Oleg Vorotnikov – Decembrists Commemoration action is a parody remake of the execution of the first revolutionaries, which was held in 1826. By this action we wanted to revive the libertarian ideals of the past and to make them actual again in nowadays Russia.
Alexei Plutser-Sarno – The ‘dead men’ that were hung in the supermarket in broad daylight were our gift to the authorities that pursue the policy of executions and slavery in Russia. In that action we played the roles of executors mocking homophobia, xenophobia and anti-Semitism of people in power.
P.B. – Some of Voina‘s actions have an eschatological element. I‘m thinking, for example, of Fuck for the Heir-Medvedev`s Little Bear!, Dick Captured by KGB, Storm of White House with the skull and bones. In the sense of death and the end of history…
Alexei Plutser-Sarno – There is always a theme of death and copulation in our actions. Natalia and Oleg fired a laser projection of the 40-meters-high skull-and-crossbones laser onto the White House facade-it was a warning to the corrupted authorities that anarchy is an inevitable reaction to the politics of xenophobia and genocide. By the way, it was the biggest anarchy sign in the world. You could find the themes of death and sex not only in Voina’s actions, but also in many sources of the world culture, starting from Genesis and ending with Heidegger’s books.
Oleg Vorotnikov – Russia became unbearable to live in. The authorities kill people-just remember Sergei Magnitsky. Not long ago, cops planted drugs on political activist Taisia Osipova and sentenced her to 10 years in prison. There are thousands of political prisoners dying in cells.
P.B. – When I see all the fuss about Ai Weiwei in the West and the comparison with Voina (both in a former communist country and held under arrest), I feel there is a lot of manipulation as well a lot of ignorance in the art world. To me the difference is crystal clear, but would you care to share your point of view?
Alexei Plutser-Sarno – Oleg, Natalia and Leonid are honest and fearless. They risk their lives and freedom. They are waging a war with Mafioso authorities, which have much more power and opportunities than a small group of artists. And we are totally out of the art market. Ai Weiwei is better known; that’s why he gets more support.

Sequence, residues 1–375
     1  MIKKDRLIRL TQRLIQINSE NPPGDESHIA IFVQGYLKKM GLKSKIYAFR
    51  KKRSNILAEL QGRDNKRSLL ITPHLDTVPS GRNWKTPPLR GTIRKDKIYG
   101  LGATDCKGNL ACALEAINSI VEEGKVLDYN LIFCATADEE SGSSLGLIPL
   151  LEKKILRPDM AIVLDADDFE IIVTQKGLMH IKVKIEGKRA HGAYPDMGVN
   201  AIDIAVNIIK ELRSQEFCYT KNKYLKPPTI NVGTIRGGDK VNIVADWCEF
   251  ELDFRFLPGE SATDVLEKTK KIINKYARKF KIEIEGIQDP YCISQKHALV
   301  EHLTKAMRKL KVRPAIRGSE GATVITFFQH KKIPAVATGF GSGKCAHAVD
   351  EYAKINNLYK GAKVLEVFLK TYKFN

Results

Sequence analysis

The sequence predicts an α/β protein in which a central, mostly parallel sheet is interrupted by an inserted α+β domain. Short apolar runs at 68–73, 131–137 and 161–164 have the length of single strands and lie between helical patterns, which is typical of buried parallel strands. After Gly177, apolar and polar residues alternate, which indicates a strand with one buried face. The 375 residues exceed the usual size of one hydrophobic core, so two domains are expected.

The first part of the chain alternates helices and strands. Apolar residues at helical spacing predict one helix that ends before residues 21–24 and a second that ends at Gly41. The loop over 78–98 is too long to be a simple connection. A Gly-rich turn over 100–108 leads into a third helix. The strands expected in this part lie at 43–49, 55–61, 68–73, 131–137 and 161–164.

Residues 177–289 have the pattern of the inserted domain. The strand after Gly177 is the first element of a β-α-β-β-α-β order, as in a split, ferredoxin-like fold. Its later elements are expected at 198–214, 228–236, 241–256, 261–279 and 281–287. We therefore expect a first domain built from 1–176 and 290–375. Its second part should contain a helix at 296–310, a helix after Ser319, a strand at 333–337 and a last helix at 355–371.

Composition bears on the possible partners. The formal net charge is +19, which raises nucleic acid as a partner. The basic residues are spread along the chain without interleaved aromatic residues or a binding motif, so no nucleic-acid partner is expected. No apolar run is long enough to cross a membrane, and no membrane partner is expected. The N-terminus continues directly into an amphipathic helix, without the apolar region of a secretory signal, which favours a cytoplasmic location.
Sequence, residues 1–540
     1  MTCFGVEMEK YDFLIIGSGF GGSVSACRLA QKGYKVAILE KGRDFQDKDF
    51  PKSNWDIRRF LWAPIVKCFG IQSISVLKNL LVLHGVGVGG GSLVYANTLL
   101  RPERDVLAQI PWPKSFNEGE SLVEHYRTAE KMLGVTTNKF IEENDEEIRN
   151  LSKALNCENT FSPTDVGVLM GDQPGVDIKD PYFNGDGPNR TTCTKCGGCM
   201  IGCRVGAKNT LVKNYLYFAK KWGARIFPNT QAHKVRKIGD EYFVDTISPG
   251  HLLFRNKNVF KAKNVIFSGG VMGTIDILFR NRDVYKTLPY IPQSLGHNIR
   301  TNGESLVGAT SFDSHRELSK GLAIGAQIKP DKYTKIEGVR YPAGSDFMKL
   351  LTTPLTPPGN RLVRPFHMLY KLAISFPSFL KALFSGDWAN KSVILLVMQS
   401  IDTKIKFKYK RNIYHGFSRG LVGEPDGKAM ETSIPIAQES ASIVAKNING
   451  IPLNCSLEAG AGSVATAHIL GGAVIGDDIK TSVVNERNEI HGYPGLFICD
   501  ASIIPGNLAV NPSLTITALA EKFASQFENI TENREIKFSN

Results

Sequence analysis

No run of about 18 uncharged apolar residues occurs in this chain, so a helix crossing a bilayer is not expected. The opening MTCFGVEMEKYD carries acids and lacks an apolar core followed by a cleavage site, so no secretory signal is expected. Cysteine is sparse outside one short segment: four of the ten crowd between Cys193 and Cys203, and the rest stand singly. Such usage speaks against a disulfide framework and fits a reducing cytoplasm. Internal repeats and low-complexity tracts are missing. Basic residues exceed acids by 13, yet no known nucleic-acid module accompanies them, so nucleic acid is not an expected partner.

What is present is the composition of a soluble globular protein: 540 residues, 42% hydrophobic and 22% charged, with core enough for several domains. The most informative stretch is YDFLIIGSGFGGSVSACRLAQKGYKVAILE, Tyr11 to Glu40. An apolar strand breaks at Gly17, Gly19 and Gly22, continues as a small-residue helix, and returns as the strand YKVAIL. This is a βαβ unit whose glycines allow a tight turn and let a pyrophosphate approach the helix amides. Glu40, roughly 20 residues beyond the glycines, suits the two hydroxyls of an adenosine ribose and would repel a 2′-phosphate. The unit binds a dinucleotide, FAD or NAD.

P.B. – Peaceful protests like the Indignados in Spain and Occupy Wall Street in New York have had no visible results. Only the Arab Spring (where in many cases people died) has been successful in most of the countries, but even there in countries like Egypt the ‘ancient regime‘ is still in the driver‘s seat. So, basically I see that political art is condemned to fail if it‘s not connected to social and political activism. What is your opinion in this respect?
Oleg Vorotnikov – Of course, a contemporary artist should work in close cooperation with political and social activists. We collaborate with anarchists, Limonov’s Other Russia activists, human rights activists.
POWER AGAINST THE REGIME
P.B. – As you know very well, most dissidents and opponents of the regime have been jailed or silenced in Russia. This is happening to Voina as well. You said yourselves that today‘s opposition in Russia is VOINA WAR. Isn‘t that a nihilist attitude?
Alexei Plutser-Sarno – Yep. You are right.
Oleg Vorotnikov – Authorities don’t care about peaceful protests, rallies, pickets and demonstrations. They only understand the language of force.
Leonid Nikolayev – At present you should use power against brute authoritarian regime.
P.B. – In 2011, you started the VOINA WANTED action in reaction to Oleg‘s and Natalia‘s inclusion on the international wanted list. Can you talk about what this action consists of? How can other social activists around the world participate?
Alexei Plutser-Sarno – VOINA WANTED is a worldwide protest action against persecution of Voina members and repressions of political artists, and activists. To participate in this action, just write to me at firstname.lastname@example.org. I’ll send an image, and you can paste it up in some significant place in your town.
P.B. – You were invited by Artur Żmijewski and the VII Berlin Biennale to participate as curators. Are you planning to participate? I suppose that this could be dangerous for Voina members who are wanted by Russian police, because they could be arrested by Interpol. If you participate, what do you have in mind to present at the Biennale?
Oleg Vorotnikov – During the arrest in November 2010, cops illegally confiscated our IDs. We can’t leave Russia.
P.B. – You are living an underground existence. Have you thought about the consequences if you get caught?
Alexei Plutser-Sarno – Yes, we have.
Oleg Vorotnikov – Prisoners know us well. They treat us with respect. So we are not afraid to get imprisoned again. Our lack of fear disarms authorities.